Bold Project Brings Jazz Club to E. Mesa |

JTraditional acoustic jazz and blues were born in the cotton fields of the South as a means of communication for slaves, but Pete “Big Pete” Pearson says, “It doesn’t matter what color you are. Anyone can have the blues, man.

“It’s really been my life,” said Pearson, an 88-year-old bluesman who has played multiple instruments over the years and now sings.

He played his first gig at the Triple J bar in Austin, Texas around the age of 9 and over the years has played with just about every blues legend you can think of including BB King, Muddy Waters, John Lee Hooker. and Ray Charles.

“It’s part of the story for one thing. It’s not just the blues. It’s about people’s lives and a way of life and how they have behaved over the years,” he said.

“It explains slavery and how it started. The blues tells a lot of stories. The Blues had a baby and they named it rock n roll.

But unlike rock and roll, traditional jazz and blues have declined in popularity and availability.

Today, 88-year-old former commercial airline pilot and Mesa resident Bill Travis comes to the rescue of musicians like Pearson by bringing the art form to a nondescript mall east of Mesa for the keep alive and thriving.

With $25,000 of his own money and very good connections in the music community, Travis started the Mesa Jazz and Blues Theater inside the Connect Church at 5255 East Brown Road, Mesa, near Higley Road.

“It’s in order to preserve the music,” he said. “He was born in the United States, in the South. “It’s something I love and I like to stay busy.

“Anyone here who wants to hear jazz has to drive through town. What’s here is mostly tribute bands and ’70s country and rock,” he said. “You find blues in some bars, but you don’t find the best blues.”

Travis aims to change that with his nonprofit.

With 29 shows booked through the end of next year, it has scheduled a grand opening on October 2 with half a dozen artists, including Pearson.

“I think it’s a wonderful thing that he’s trying to preserve it,” Pearson said. “It’s kind of on the way out. All the old blues artists that were there kind of escape us.

Travis was born in 1933 in Dickson, Tennessee, less than an hour from Nashville.

“I was a country boy,” said Travis, who, along with his family, was a regular audience member at the original Ryman Auditorium.

“I was about 7,” Travis said. “My mother made me take guitar lessons. All you had there was country music from the Grand Ole Opry so that was my favorite, but the guitar lessons didn’t last long.

And neither does his interest in country music.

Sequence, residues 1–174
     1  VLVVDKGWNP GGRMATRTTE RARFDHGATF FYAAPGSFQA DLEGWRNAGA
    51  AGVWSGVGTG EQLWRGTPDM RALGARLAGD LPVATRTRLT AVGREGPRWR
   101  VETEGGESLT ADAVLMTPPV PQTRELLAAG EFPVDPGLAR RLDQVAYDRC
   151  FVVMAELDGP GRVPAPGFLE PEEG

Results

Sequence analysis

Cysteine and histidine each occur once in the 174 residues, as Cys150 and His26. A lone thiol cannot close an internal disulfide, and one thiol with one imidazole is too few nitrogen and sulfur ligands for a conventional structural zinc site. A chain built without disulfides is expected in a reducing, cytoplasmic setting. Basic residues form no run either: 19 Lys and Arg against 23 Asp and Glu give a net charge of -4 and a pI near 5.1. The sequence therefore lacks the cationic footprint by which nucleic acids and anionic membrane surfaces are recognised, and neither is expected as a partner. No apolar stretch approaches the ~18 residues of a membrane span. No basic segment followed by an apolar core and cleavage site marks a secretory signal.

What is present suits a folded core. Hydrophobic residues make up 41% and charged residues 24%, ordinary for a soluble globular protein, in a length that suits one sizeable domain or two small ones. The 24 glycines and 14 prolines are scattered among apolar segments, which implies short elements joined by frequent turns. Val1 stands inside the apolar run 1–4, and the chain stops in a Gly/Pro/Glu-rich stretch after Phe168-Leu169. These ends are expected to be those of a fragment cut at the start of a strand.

For Travis, it was all about jazz from the first time he heard it.

“It was improvisation,” he said. “I immediately learned what they were doing and it just amazed me. They could invent a song on the fly, invent a melody, and never repeat the same melody.

Travis discovered percussion, moved to drums and wanted to become a pro.

Her parents moved to Detroit in the 1940s in search of factory jobs.

This opened up a whole new world of musical opportunities for Travis.

By age 13, and with plenty of exposure to jazz and blues in the big city, he had become hooked on soon-to-be legends like Sarah Vaughn, Nat King Cole, Earl Bostic and “Big Pete”, regulars at Detroit at places like the Fox Lounge and Baker’s Keyboard Lounge, where he once saw jazz pianist Oscar Peterson stop halfway through to scold someone in the audience for talking.

“These people came to listen to music,” Travis Peterson recalled saying, “If you want to talk, get out.”

Travis worked his way into gigs playing drums in a band and earning $5 on a good night before his career took a detour in 1953 when he was drafted into the army.

He kept his dream of being a professional drummer alive by playing in the band for the Army’s 4th Armored Division while stationed at Fort Hood in Killeen, Texas, playing in officer clubs and d other military locations.

In 1957, he left behind the army but not the music.

To continue performing professionally, he considered becoming a “territory musician,” a group that spanned “maybe two or three states” playing for pay.

But he faced a decision over a nemesis that derailed many jazz musicians at this time.

“I had a propensity for alcohol and it was also around this time that the heavy drugs came out. I had experimented with marijuana one night and it just tore me apart,” he said. “I didn’t care to continue. I thought it wasn’t for me.

“If I had gone to these territories (jobs) with my proclivity for alcohol, it would probably have ended with drugs. If I had gone out on the road, I would probably have been forced into it by peers. I didn’t go on the road,” he said.

Travis chose college instead. The army was paying him after all, thanks to the GI Bill.

He studied commerce but soon realized it wasn’t for him.

He ended up piloting Pan American Airlines for 28 years, but always kept his hands on his drums, playing when and where he could. He finally stopped performing in 2004 and retired to Dreamland Villa in Mesa.

While volunteering at a local community theater in the sound department, he was asked to book some of the performances.

“After a while, I decided to leave and start booking shows on my own at another venue,” he explains on the theater’s website.

And when he was forced by the pandemic to close, he had his big idea.

“I decided to form a board of directors to develop a non-profit theater specializing in jazz and blues, R&B, soul and Motown music, using top local and national musicians.”

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